VGA-Compatible Video Miniport Drivers (Windows 2000 Model)

On x86-based NT-based operating system platforms, there are two kinds of video miniport drivers: nonVGA-compatible miniport drivers and VGA-compatible miniport drivers.

Most miniport drivers are nonVGA-compatible, and are consequently much simpler to implement. NonVGA-compatible video miniport drivers rely on having the system-supplied VGA miniport driver (vga.sys) or another VGA-compatible SVGA miniport driver loaded concurrently. Such a miniport driver is set up to configure itself in the registry with VgaCompatible set to zero (FALSE) and has the following features:

  • It provides no special support for full-screen MS-DOS applications in x86-based machines. Instead, it is loaded along with a system-supplied VGA (or, possibly, with a VGA-compatible SVGA) miniport driver, which provides this support for full-screen MS-DOS applications.

  • In most cases, it either is written for an adapter that has no VGA compatibility mode or for an accelerator that works independently of the VGA.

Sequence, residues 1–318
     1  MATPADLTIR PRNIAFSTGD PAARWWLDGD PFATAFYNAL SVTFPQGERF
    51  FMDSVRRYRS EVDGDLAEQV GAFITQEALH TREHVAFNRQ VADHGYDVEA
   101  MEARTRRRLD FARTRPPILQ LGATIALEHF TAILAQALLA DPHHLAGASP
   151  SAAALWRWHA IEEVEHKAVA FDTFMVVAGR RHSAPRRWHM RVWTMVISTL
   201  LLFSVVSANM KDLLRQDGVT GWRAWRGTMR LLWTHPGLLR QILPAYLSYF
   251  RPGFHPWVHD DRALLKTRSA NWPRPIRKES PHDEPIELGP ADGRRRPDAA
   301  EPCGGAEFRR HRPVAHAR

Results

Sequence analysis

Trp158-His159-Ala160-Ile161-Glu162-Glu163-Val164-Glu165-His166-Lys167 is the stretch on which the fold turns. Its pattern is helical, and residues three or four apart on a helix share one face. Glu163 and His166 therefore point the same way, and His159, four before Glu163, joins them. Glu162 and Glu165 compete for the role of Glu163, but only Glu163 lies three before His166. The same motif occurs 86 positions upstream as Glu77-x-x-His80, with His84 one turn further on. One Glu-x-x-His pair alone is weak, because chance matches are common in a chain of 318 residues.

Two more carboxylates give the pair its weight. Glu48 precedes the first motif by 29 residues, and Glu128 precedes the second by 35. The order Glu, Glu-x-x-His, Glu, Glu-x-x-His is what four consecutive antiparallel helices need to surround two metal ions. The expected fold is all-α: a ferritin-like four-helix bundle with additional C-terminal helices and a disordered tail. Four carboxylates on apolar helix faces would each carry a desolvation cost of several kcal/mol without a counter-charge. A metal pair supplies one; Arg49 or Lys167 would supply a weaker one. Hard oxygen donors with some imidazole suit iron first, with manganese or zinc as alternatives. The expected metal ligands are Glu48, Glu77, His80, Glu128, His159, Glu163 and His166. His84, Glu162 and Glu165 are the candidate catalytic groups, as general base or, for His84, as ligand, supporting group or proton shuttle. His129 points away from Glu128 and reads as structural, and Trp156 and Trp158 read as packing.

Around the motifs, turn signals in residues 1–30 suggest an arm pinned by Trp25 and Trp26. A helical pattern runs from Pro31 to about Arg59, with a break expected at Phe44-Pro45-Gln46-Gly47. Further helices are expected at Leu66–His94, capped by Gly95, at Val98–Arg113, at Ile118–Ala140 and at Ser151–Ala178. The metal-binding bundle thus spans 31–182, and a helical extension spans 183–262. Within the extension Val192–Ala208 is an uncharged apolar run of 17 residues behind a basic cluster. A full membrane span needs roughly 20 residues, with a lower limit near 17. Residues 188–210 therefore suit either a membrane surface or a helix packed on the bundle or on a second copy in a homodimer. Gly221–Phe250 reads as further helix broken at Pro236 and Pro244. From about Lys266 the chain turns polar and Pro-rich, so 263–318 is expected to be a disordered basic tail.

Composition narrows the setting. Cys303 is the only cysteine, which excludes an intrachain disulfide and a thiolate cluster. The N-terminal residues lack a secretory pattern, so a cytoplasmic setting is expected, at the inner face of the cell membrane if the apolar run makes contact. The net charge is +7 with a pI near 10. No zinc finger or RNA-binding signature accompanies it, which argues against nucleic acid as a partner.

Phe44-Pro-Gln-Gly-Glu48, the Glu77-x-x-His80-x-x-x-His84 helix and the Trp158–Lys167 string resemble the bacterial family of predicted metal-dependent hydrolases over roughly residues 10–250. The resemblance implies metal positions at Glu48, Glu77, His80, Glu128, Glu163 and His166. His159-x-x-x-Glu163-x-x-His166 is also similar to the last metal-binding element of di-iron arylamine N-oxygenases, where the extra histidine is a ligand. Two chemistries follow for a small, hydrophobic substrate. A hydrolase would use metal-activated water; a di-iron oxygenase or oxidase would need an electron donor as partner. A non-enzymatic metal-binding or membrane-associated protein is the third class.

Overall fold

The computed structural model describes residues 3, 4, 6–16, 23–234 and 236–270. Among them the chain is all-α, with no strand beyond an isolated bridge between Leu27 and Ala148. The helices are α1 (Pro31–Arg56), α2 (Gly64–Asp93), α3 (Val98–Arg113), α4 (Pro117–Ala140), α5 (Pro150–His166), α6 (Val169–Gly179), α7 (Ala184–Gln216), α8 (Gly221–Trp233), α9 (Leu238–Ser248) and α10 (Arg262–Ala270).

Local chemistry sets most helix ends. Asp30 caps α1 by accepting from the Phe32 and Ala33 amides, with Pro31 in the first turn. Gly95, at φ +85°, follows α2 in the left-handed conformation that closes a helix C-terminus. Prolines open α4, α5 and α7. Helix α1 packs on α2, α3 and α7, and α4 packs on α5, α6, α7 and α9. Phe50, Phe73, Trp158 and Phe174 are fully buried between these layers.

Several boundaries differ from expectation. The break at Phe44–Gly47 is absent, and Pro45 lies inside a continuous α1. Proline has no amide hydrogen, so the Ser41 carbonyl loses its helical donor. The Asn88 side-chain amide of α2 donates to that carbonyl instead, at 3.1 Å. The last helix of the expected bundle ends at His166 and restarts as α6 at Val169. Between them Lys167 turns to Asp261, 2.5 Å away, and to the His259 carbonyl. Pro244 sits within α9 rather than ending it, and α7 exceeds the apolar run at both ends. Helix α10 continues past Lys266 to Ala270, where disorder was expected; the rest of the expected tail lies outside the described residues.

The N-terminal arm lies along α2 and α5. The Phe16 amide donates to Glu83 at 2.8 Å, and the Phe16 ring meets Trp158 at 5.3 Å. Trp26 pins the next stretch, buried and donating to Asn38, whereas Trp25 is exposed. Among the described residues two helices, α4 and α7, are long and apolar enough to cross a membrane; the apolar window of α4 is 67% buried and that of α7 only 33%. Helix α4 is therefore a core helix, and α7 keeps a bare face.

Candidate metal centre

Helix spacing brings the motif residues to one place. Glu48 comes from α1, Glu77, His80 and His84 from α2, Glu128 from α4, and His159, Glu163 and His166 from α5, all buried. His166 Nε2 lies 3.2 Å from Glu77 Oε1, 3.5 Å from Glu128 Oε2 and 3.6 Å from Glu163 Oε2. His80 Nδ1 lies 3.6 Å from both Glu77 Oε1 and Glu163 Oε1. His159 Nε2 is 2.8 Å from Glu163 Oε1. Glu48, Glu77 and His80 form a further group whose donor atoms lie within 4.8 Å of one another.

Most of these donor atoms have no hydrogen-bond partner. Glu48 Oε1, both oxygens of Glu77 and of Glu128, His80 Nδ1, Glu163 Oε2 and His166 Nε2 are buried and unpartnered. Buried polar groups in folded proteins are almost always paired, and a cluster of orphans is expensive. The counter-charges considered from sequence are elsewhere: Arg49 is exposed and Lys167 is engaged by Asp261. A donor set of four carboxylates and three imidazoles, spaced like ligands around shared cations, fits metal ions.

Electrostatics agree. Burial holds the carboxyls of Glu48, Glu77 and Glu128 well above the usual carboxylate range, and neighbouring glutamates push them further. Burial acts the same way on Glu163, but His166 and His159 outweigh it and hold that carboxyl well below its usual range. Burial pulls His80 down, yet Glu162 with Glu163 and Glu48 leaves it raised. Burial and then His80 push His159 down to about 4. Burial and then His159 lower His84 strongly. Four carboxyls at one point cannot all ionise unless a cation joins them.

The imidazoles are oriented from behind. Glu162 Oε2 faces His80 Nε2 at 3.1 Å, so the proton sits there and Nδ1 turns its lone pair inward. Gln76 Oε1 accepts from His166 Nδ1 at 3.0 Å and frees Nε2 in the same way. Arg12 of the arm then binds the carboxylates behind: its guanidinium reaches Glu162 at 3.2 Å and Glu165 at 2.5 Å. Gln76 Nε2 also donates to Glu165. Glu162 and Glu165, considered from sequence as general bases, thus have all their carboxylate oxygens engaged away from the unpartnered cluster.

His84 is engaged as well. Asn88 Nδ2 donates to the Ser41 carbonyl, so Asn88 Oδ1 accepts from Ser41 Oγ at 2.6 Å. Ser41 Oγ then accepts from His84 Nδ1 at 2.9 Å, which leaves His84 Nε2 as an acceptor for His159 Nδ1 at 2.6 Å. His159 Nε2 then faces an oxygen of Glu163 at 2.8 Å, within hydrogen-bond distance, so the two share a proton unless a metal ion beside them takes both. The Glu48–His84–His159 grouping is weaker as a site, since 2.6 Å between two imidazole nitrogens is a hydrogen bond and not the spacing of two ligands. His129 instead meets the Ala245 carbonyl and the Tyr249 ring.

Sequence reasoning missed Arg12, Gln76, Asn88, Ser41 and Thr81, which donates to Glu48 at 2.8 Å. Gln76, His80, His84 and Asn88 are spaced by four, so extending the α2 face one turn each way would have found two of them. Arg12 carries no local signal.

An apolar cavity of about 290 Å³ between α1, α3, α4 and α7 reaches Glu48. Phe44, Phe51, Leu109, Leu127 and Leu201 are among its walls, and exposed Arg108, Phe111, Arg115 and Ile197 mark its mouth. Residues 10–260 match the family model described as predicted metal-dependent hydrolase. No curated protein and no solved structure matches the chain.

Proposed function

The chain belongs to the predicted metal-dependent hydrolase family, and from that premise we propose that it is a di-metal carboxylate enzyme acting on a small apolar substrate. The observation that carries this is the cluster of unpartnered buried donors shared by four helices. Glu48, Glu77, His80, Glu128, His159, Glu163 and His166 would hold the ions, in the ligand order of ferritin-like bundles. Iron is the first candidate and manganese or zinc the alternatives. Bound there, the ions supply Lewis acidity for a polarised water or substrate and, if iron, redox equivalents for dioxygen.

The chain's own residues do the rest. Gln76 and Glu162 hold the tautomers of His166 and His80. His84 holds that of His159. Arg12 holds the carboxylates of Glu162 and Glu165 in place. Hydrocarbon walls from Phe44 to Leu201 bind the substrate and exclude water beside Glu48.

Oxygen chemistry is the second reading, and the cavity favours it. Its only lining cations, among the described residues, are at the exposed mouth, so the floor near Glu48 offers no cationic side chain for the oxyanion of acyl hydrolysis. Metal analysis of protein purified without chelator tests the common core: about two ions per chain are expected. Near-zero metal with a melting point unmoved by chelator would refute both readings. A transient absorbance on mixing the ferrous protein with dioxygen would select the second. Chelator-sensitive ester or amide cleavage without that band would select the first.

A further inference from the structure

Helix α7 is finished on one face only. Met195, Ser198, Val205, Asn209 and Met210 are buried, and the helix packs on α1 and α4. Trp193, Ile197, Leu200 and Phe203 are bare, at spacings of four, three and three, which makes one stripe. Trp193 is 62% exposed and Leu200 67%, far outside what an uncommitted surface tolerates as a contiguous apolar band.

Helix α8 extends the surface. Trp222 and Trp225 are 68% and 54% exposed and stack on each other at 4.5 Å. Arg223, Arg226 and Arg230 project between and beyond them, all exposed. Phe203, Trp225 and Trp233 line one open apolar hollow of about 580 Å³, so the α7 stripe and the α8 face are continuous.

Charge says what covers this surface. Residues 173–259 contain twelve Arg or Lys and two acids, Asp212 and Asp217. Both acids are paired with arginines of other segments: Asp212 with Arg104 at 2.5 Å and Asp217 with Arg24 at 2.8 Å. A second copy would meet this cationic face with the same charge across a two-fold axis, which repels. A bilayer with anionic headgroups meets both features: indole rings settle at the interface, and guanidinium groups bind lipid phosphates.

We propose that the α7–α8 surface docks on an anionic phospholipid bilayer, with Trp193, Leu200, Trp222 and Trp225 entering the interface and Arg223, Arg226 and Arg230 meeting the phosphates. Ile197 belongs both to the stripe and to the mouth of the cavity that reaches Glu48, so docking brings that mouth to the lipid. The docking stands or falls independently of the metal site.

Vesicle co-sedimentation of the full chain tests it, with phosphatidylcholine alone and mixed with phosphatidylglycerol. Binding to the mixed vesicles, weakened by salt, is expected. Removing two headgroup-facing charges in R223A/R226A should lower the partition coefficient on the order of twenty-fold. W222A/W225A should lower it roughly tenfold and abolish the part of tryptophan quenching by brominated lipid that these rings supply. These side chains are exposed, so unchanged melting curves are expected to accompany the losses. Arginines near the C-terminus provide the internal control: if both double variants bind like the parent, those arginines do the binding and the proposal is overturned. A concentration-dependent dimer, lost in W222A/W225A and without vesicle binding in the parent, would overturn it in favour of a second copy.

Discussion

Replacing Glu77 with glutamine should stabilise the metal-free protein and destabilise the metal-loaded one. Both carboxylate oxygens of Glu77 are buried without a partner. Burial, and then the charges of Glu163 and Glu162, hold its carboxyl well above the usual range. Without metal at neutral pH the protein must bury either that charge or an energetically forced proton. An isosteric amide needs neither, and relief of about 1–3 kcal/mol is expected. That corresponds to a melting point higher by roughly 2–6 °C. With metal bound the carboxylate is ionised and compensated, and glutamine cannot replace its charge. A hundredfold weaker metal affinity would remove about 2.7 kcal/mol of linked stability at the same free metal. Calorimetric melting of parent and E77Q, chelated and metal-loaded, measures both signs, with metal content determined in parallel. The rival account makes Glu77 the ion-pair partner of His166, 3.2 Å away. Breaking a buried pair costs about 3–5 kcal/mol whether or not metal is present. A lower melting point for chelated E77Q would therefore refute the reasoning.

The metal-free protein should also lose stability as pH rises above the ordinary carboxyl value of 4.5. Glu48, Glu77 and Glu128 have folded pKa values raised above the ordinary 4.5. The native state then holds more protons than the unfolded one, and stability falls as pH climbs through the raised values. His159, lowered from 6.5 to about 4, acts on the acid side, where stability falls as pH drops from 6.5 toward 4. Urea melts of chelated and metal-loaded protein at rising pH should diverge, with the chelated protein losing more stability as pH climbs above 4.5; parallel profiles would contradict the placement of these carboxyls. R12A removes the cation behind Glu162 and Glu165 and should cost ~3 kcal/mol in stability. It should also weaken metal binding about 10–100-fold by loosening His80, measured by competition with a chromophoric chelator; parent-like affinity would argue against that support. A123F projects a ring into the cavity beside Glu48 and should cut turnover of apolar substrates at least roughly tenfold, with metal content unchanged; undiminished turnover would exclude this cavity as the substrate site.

A VGA-compatible miniport driver is based on the system-supplied VGA miniport driver, with code modified to support adapter-specific features. The system-supplied VGA display drivers use the support provided by VGA-compatible miniport drivers, so the developer of a new miniport driver for a VGA-compatible adapter need not write a new display driver. It provides support for full-screen MS-DOS applications to do I/O directly to the adapter registers. It also functions as a video validator to prevent such applications from issuing any sequence of instructions that would hang the machine.

Self-declared "VGA-compatible" miniport drivers are set up to configure themselves in the registry with VgaCompatible set to one (TRUE).

VGA-compatible miniport drivers in x86-based machines replace the system-supplied VGA miniport driver. Therefore, VGA-compatible miniport drivers must have a set of SvgaHwIoPortXxx functions to support full-screen MS-DOS applications as the system-supplied VGA miniport driver does.

The designer of a new VGA-compatible SVGA miniport driver should adapt one of the system-supplied SVGA miniport driver's SvgaHwIoPortXxx functions to the adapter's features. Miniport drivers for other types of adapters in x86-based machines can have a set of SvgaHwIoPortXxx routines and provide the same support at the discretion of the miniport driver designer or if the miniport driver cannot be loaded while the system VGA miniport driver is loaded.